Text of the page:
Diurnal Reef Control Realistically Insolates Your Aquarium

[Phillip]’s project is not just great for learning new words, it also shows just how complex natural systems can be. 

As we know from news around the word, reefs are delicate systems prone to damage from just about any imaginable threat. Escaped aquarium fish, sunscreen, and the wayward feet of well meaning tourists to name a few. So it’s no wonder that aquarium hobbyists sometimes go to incredible lengths to simulate the natural environments these creatures live in.

While [Phillip] is still tinkering with his designs for this project, we found the data he included really interesting. His goal is to be able to plug in any coordinate on the earth and have the lights replicate the location. That includes not just the sun, but also the light from the moon as many corals seem to only spawn during certain tides. Of course no LED is perfect so he’s even experimenting with putting light sensors under the water to provide a feedback loop to make it perfect.

We really like the ambition of this project and we hope he continues.

13 thoughts on “Diurnal Reef Control Realistically Insolates Your Aquarium

    1. It’s not about the fish. Certain corals don’t do well unless they have the exact day and night cycle where they are found. This includes the very important lunar cycles. Corals can sense these cycles and will spawn at random intervals throughout the year. The main purpose of home reef keeping is to preserve the specimen and enjoy it’s beauty. Our oceans are becoming inhabitable because of all different reasons, mostly us. The reef community just wants to ensure we save them from extinction since we can’t force the rest of the world to change.

        1. Well as far as I know coral isn’t hugely well understood so easy tinkering probably helps find the right conditions for it to thrive and which conditions promote propagation. Also just because a coral came from one location doesn’t mean it won’t actually do better in other conditions – only have to look at invasive species to see how true that can be.

          And then there is the most obvious reason to make it easy to set. To remove the barriers to entry for reef keeping, if you have one drop in perfect for all reefs lighting rig that is easy to set up it means nobody else needs to duplicate that work.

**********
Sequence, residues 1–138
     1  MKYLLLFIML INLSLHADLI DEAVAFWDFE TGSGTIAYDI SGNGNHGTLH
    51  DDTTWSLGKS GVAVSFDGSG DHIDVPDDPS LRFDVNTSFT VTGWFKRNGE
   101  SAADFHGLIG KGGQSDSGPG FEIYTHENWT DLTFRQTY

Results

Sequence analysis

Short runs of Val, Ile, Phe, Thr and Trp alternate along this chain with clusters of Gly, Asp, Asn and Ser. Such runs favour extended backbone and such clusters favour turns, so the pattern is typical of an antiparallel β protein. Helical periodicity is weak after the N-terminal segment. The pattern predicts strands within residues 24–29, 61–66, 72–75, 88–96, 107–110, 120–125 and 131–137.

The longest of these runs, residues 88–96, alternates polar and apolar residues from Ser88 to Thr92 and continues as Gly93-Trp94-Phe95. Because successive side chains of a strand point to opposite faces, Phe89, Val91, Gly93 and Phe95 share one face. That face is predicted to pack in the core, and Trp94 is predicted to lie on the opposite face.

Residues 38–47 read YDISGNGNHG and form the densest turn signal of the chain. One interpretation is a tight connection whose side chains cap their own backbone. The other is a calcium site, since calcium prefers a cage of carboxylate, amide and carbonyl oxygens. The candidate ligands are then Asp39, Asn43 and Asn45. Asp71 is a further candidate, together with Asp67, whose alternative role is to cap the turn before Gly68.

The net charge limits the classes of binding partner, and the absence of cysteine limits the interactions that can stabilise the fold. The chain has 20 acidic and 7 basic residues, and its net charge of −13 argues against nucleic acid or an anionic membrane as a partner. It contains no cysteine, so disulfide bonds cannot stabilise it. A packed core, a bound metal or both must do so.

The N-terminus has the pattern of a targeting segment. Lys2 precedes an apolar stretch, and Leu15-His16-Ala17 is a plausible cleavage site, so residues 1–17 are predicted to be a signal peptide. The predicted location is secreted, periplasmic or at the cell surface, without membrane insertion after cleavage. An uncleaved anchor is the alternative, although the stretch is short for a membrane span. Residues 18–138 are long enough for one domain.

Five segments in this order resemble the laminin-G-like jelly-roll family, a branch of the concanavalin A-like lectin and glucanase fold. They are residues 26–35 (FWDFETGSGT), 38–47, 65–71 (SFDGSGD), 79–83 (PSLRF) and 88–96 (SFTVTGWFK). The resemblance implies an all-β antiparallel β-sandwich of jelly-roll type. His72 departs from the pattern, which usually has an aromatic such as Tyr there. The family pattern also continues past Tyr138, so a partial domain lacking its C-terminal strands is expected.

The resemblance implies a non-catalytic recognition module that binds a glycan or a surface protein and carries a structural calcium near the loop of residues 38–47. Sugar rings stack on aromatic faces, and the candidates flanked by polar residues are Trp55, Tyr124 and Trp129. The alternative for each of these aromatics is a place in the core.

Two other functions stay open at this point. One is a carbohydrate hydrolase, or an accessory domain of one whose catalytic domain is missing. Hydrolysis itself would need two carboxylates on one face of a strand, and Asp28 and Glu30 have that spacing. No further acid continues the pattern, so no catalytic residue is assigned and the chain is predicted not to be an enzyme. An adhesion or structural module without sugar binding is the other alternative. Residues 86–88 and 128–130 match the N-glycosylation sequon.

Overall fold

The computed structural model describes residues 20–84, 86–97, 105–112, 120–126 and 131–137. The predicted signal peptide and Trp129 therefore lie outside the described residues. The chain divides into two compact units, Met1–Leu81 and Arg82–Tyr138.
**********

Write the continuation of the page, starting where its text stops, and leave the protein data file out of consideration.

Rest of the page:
2. Because my reef is different from my neighbor’s reef are different and the easier it to use the easier it is sell/share to him and

          Aquarium enthusiasts are close but competitive, while they share alot information, small improvements lead to major bragging points

          Besides, should that be a fixed option or just difficult…..

  1. “As one should expect, it is a normal distribution.” This seems unlikely. The insolation is directly proportional to the cosine of the angle of incidence of the sunlight. Being underwater you have to also account for the reflection at the interface of air/water, which is also proportional to the cosine up to the angle of total reflection. A couple coefficients and a cos squared seems more likely if you want to use an overhead source to model the light that actually reaches the critters. I really can’t figure where a normal distribution would come from except that it looks rather like a cos squared. (The same calculation as for the light that reaches a fixed position solar cell with a glass cover. You can use a time parameter instead of an angle in the modeling.)

      1. I’m just guessing. I would be surprised if it didn’t average to a plane.

        Plus, the source here is not at infinite distance, so some parts of the tank (directly under the source) will get a lot more light than others. It will decrease quite dramatically if the sources is close to the water, and the angle for total reflection will occur fairly close to the source and no light will penetrate the surface beyond that (ends and corner of tank for example).

        Putting the light up against the tank on one end might be a lot better.

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